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Claire shares her love of Susan Cooper’s fantasy sequence: The Dark is Rising with us.

I was in J3 (probably the equivalent of Year 4 in new money) when I was introduced to the most wonderful set of books that previously I had been ignorant of.  My teacher mentioned to the class about a book that she thought we might be interested in discovering, especially those of us who had already eagerly consumed the works of C.S.Lewis and Tolkein. That weekend I dragged my mother to the local WHSmith and perused the shelves looking for the title she had said. Huge disappointment followed when it could not be found, but I did manage to find another book by the same author, so begrudgingly I decided that it would have to suffice.

The author was Susan Cooper and upon my return home with The Dark is Rising, the second in the series of books of the same name, I was drawn into the story of Will Stanton and the discovery of his part to play in the unceasing battle between the Dark and the Light.
The story begins in the run up to Will’s  11th birthday, and the strange events that occur around him. He learns that as the seventh son of a seventh son, he is actually an Old One, a defendant of the Light and bestowed with magical powers to help him in his battle against the Dark. Will is also the last of the Old Ones to be born, and as such he is tasked with being The Seeker; his job is to find the Six Signs of the Light, which together become a weapon of power over the Dark.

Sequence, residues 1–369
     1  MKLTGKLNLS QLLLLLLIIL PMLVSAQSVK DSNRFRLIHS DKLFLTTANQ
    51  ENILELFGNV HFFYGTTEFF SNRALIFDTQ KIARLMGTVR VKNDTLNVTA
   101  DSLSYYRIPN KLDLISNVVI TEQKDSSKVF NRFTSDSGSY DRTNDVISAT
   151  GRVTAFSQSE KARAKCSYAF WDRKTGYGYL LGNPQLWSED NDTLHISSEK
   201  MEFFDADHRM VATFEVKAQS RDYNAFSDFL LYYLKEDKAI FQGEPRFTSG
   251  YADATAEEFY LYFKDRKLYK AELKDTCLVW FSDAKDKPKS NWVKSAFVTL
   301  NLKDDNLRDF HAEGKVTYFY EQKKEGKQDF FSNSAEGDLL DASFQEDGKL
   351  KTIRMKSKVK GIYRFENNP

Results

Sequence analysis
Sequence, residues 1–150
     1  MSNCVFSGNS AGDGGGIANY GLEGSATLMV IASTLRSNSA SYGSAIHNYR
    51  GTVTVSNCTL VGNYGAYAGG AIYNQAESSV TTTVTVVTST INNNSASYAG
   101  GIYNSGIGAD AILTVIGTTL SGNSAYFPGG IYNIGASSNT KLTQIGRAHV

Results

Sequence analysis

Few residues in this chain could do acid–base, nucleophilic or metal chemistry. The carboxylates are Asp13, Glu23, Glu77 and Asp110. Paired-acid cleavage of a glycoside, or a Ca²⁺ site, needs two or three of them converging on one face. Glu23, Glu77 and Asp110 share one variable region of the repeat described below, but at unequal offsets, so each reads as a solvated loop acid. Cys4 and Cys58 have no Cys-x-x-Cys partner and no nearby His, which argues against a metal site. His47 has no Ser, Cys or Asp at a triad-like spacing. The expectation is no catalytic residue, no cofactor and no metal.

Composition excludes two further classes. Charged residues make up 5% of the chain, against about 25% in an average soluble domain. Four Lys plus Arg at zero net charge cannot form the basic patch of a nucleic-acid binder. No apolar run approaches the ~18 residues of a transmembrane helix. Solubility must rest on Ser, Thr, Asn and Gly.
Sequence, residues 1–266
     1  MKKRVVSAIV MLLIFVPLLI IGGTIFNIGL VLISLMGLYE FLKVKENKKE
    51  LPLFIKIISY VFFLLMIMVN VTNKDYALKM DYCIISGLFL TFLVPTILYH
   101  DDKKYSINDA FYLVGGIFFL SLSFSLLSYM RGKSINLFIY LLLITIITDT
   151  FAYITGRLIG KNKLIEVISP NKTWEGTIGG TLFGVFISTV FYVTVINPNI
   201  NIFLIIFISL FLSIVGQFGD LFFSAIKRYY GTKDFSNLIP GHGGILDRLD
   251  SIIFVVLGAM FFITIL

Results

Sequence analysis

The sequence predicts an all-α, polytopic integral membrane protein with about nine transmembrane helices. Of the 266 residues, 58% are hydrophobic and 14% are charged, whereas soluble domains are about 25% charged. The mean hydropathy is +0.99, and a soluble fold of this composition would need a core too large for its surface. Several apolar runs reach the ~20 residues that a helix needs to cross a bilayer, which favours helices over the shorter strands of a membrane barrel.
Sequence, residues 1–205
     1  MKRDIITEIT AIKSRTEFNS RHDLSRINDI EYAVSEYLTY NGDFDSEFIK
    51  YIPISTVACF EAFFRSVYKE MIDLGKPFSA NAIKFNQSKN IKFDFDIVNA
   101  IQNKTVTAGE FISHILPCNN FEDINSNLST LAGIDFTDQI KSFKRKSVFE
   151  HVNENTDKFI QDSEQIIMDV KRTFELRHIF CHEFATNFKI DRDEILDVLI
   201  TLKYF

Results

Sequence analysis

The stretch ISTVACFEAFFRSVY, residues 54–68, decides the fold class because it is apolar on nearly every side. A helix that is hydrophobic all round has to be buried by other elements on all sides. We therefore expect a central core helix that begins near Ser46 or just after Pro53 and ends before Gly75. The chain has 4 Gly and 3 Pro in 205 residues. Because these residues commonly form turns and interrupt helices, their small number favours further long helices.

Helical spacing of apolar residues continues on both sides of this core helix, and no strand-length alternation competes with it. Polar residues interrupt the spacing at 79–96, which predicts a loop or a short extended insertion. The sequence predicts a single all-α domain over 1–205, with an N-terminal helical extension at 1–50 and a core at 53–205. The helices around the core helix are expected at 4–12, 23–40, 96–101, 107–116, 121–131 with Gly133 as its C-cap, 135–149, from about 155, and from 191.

The book follows his awakening and realisation of a battle that has been raging through history. It introduces other characters who assist him on quest, the main being Merriman Lyon, the first born of the Old Ones, who instructs Will in the way of the Light.
From the first page I read, I was engrossed in the tale and quickly managed to finish the book. I begged my parents for the rest of the series which followed, Greenwitch, The Grey King (another favourite), and the concluding book, Silver on the Tree.  I was then able to complete the set by finding the first book in the series, which had originally eluded me in the bookshop, Over Sea Under Stone.
Susan Cooper wraps her story in Arthurian legend and  sets the books in familiar locations including Cornwall and North Wales, and I have felt a fondness for these places ever since.
I have returned to these books frequently over the years, and have had to buy new copies as the originals disintegrated from over use. My own children have read the books but do not appear to have been so affected by them as I was. My love for fantasy fiction was created that day and for that I will always be grateful to Mrs Palmer.
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